I shall look first at the latter point. The Equal Pay Task Force identified that employment in the UK remains strongly delineated by gender, involving both horizontal and vertical segregation. What do we mean by that? Horizontal segregation concentrates women in low-paid occupations and limits their access to other roles. Vertical segregation is the career barriers to women's individual development, the glass ceiling. That ceiling may have cracked in some cases, but it seems somehow to be made of toughened glass and remains shatterproof. That is not to say that there have not been some improvements. The number of women MPs has risen from 5 per cent to 18 per cent, although it has taken 20 years to achieve that, and almost a quarter of top management positions in the Civil Service are held by women. But only 13 per cent of local authority chief executives are women, even though nearly three quarters of the workforce is made up of women. Women's average representation at the top of business remains at 11 per cent. Last week, the Fawcett Society published its findings on the judiciary and the role of women, which showed that there are only five women out of 43 chief constables, only 31 women out of 138 prison governors, and that only one sixth of chief Crown prosecutors are women. We must not forget the real breakthrough in your Lordships' House, with the appointment of the first woman Law Lord.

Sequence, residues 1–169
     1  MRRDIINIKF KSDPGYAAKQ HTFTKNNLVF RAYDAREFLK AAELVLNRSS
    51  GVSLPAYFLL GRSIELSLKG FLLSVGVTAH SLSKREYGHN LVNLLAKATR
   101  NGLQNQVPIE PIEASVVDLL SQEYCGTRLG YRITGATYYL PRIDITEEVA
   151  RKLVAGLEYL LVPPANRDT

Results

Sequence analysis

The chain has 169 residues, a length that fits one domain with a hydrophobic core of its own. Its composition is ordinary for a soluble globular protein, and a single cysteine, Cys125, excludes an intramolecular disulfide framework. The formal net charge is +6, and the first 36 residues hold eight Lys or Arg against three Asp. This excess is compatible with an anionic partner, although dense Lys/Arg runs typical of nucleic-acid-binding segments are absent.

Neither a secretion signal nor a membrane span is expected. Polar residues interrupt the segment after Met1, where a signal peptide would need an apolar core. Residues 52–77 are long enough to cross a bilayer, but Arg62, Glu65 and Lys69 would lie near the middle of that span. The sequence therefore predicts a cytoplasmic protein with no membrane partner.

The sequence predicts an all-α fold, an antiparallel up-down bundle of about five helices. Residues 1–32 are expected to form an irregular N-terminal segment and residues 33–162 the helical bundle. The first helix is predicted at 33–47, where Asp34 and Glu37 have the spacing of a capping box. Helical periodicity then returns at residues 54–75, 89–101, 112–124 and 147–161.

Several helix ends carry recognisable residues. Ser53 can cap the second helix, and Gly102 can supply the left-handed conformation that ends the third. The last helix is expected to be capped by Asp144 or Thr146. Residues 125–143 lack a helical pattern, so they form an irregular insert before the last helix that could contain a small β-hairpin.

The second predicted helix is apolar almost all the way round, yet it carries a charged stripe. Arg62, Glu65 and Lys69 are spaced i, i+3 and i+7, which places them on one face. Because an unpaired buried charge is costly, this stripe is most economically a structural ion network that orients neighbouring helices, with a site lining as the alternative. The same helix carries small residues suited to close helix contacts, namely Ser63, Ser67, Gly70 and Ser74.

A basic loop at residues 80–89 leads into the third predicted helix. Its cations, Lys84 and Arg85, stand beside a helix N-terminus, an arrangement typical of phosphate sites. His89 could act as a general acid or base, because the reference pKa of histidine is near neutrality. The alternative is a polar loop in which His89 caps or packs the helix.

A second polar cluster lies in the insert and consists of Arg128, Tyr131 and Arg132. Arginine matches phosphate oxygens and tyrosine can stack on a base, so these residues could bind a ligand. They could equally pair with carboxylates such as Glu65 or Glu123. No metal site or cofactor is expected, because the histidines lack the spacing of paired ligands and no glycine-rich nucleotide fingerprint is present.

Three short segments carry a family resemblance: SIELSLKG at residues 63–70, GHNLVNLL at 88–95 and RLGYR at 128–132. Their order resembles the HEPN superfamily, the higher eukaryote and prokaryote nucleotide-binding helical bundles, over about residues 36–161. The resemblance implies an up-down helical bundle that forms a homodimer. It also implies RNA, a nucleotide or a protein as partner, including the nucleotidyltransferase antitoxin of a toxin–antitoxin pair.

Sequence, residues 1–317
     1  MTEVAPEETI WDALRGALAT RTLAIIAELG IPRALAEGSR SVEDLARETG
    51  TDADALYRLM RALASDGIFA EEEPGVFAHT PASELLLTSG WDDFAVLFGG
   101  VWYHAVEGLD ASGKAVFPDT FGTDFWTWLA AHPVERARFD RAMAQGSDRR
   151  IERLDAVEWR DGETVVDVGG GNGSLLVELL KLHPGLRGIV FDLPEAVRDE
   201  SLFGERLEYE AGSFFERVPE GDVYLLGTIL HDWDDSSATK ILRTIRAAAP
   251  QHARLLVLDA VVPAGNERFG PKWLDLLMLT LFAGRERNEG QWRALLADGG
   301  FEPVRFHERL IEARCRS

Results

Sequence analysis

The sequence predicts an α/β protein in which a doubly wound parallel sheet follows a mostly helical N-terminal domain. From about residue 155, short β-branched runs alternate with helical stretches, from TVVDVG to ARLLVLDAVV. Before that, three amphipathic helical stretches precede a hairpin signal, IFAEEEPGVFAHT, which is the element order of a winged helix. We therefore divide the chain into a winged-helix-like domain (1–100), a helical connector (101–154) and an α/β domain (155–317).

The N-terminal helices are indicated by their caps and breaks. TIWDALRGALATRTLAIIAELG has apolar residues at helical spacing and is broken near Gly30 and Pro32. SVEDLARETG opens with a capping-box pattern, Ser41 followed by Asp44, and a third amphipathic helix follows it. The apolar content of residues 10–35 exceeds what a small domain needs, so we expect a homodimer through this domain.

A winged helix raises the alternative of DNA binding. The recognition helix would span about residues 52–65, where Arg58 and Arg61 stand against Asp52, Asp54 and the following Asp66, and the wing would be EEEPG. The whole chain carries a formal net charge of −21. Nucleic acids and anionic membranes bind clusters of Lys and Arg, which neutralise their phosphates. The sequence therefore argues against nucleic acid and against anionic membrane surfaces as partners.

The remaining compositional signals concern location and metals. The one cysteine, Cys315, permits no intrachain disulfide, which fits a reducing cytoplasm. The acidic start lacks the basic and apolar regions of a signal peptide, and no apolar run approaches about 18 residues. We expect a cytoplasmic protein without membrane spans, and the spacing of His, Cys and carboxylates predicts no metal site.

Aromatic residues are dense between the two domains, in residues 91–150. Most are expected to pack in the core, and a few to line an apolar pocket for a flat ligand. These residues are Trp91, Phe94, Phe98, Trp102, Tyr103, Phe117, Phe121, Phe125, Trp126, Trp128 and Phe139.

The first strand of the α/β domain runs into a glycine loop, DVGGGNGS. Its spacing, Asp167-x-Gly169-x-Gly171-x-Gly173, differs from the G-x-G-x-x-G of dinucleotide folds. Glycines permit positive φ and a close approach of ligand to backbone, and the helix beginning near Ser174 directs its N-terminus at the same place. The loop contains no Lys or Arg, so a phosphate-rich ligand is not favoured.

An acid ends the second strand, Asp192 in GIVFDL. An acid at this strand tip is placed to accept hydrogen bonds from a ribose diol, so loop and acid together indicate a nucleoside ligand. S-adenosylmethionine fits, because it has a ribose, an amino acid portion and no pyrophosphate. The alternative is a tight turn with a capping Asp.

Overall, women's progress is still blocked at all levels by prejudice and misconceptions. Horizontal segregation ensures that women are concentrated in the five lowest-paid employment sectors, and 60 per cent of women continue to work in just 10 occupational groups. That is no improvement on the figures that I identified last year. At the same time as there is a serious skill shortage in engineering, science and technology in this county, only 9 per cent go into skilled trades.

There is continuing sex stereotyping in schools, which places young women on a path to lower-paid occupations and the prospect of pay inequality. Some 34 years ago, I had a row with my daughter's physics master, who said, "Science is not for girls". Of course, I had taken sciences myself. That divide, which is created in schools, continues into apprenticeships. Only 4 per cent of girls go into engineering; 21 per cent become computer analysts and programmers and, surprisingly, 14 per cent become primary or nursery teachers. There is an urgent need for improved advice to girls on non-traditional career choices by careers advisers, teachers, employers and directly by the Government.